The fact that [the neighborhood light emitting diode billboard] ordinance will open up of every zoning district in Nashville to the possibility of LED signs is shocking and appalling to me. In reading Section 17.16.140 [of the Metropolitan Zoning Ordinance], which describes the general conditions that all special exceptions have to fulfill, I now know that I would have to refer to these conditions to show the BZA how an LED sign negatively affects my home, property and neighborhood. These include not adversely affecting other property to the extent that it will impair reasonable long-term use, and protecting persons and property from erosion, flooding, fire, noise, glare, or similar hazards. I am further disturbed to learn that although the BZA has the latitude to determine that an LED sign could be detrimental to a neighborhood, the fact that the majority of a neighborhood opposes such a sign would not be the determining factor in whether a sign of this nature is erected.Putting LEDs in a "monument-type sign" is merely dressing up and putting female warpaint on a porker.
Of even greater alarm is that I feel you are so out of touch as to how the majority of taxpaying citizens feel about this extremely important issue. While Mr. Tygard “sees nothing objectionable for a church or school to use a changeable message panel to convey the good deeds and events going on within those buildings, especially since there is less power & less light produced than the current floodlit signs,” my neighbors and I do.
Excuse me, but it appears that some government officials are not voting the voice of their constituents and I urge you to disapprove this bill.
The overwhelming majorities of many of our neighborhood associations believe that the city should be LED free, but, if you insist on having them, please resign these gaudy, atrocious signs into the remaining commercial, office, and shopping areas and allow agricultural and residential need to stay LED FREE.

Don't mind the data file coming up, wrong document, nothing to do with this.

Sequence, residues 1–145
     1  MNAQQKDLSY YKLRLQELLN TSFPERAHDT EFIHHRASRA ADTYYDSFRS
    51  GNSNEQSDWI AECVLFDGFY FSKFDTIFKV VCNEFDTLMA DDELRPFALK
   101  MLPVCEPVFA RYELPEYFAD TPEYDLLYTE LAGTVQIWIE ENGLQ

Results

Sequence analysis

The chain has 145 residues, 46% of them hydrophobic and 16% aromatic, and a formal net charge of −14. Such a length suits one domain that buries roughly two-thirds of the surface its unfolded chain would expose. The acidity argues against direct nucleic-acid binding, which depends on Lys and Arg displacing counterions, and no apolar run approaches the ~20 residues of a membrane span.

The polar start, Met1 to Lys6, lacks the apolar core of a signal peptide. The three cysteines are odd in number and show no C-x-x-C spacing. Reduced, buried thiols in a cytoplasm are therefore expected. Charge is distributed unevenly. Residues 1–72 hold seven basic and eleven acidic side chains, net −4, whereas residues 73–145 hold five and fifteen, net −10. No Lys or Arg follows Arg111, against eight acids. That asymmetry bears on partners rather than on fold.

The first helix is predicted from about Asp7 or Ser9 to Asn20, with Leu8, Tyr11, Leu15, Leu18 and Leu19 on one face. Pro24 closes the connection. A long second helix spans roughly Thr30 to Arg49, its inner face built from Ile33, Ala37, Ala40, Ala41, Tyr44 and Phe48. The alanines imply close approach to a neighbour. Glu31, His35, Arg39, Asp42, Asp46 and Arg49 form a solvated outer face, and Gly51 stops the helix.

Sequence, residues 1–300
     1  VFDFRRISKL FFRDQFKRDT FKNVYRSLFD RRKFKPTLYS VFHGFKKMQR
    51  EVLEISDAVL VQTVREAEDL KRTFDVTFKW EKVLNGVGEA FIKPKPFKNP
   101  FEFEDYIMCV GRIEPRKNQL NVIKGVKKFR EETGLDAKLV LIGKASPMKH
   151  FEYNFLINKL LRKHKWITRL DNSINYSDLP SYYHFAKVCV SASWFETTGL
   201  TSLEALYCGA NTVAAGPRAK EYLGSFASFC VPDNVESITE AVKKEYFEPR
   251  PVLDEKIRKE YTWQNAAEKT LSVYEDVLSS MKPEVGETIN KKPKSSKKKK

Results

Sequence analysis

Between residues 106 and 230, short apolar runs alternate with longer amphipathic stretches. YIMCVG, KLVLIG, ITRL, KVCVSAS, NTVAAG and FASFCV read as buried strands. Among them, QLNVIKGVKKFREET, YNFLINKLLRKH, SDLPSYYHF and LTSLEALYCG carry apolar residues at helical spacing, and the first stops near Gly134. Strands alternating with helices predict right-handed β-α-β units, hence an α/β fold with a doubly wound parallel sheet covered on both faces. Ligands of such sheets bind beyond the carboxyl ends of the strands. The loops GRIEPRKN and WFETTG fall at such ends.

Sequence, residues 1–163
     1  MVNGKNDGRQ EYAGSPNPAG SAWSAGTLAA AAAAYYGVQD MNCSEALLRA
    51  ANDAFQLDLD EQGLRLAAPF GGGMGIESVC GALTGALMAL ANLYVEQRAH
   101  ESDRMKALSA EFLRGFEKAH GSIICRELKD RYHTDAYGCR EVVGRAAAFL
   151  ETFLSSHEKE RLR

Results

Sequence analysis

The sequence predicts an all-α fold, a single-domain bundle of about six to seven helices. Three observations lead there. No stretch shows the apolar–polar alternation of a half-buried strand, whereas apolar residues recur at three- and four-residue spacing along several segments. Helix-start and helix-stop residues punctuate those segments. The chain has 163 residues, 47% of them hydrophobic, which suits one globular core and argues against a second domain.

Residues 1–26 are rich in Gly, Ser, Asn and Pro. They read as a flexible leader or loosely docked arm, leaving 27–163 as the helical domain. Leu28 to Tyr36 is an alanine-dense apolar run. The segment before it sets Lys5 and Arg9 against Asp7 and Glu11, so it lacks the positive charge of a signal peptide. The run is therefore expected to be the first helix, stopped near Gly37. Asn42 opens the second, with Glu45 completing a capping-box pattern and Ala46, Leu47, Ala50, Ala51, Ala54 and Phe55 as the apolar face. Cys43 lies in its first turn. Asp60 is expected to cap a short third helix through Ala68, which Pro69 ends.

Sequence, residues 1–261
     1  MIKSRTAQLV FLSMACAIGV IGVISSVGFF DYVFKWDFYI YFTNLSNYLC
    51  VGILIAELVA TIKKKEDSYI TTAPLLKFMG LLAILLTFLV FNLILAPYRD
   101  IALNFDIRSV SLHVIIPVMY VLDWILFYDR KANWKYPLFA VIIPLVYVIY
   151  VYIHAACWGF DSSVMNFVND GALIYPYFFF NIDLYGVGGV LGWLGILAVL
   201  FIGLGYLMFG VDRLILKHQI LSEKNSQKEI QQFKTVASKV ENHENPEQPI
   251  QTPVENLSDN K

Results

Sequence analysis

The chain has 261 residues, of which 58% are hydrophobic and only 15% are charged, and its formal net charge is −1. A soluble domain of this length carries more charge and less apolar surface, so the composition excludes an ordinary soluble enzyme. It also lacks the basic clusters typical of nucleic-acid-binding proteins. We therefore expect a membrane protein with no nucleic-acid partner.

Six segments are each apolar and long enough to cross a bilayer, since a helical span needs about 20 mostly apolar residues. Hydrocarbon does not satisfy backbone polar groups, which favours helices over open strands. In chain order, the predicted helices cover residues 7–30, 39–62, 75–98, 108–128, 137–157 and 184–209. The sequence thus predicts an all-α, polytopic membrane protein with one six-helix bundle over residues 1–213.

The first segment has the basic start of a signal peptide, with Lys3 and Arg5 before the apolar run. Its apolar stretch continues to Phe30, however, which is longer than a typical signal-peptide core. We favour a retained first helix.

I oppose LED signs in neighborhoods even with the protections described in the draft ordinance.
And, please know that I clearly understand the difference between these signs with all their protections and video signs. I know that Councilman Tygard is not trying to put moving video screens on every street. I feel that even if a monument type sign that would be generally similar to what the proposed ordinance would allow isn't as gaudy as the sign on I-65, it is still inappropriate in a neighborhood and even the less commercial areas around town.
I don't think a monument type LED sign with amber letters is appropriate for a neighborhood even if it does turn off at 10 PM, and I am concerned about enforcement since there are over 50 signs that have been determined to be out of compliance with the existing ordinance.
President Newton's insight on the likelihood that CM Tygard is taking control of quality of life decisions away from neighborhoods should be sobering to all of us who are concerned with the erosion of local autonomy. What is even more frightening is that the control is being handed to the Board of Zoning Appeals, a Metro bureaucracy that does not have an uncontroversial reputation. Last year, Mayor Karl Dean appointed and the Metro Council unanimously approved anti-neighborhood Belle Meadean Chris Whitson, who asserted that he would "interpret and apply" existing laws rather than creating new ones. Whitson won't have to make a new law toxic to local communities; CM Tygard is handing him one that he can merely "interpret and apply" against neighborhoods in the LED billboard legislation.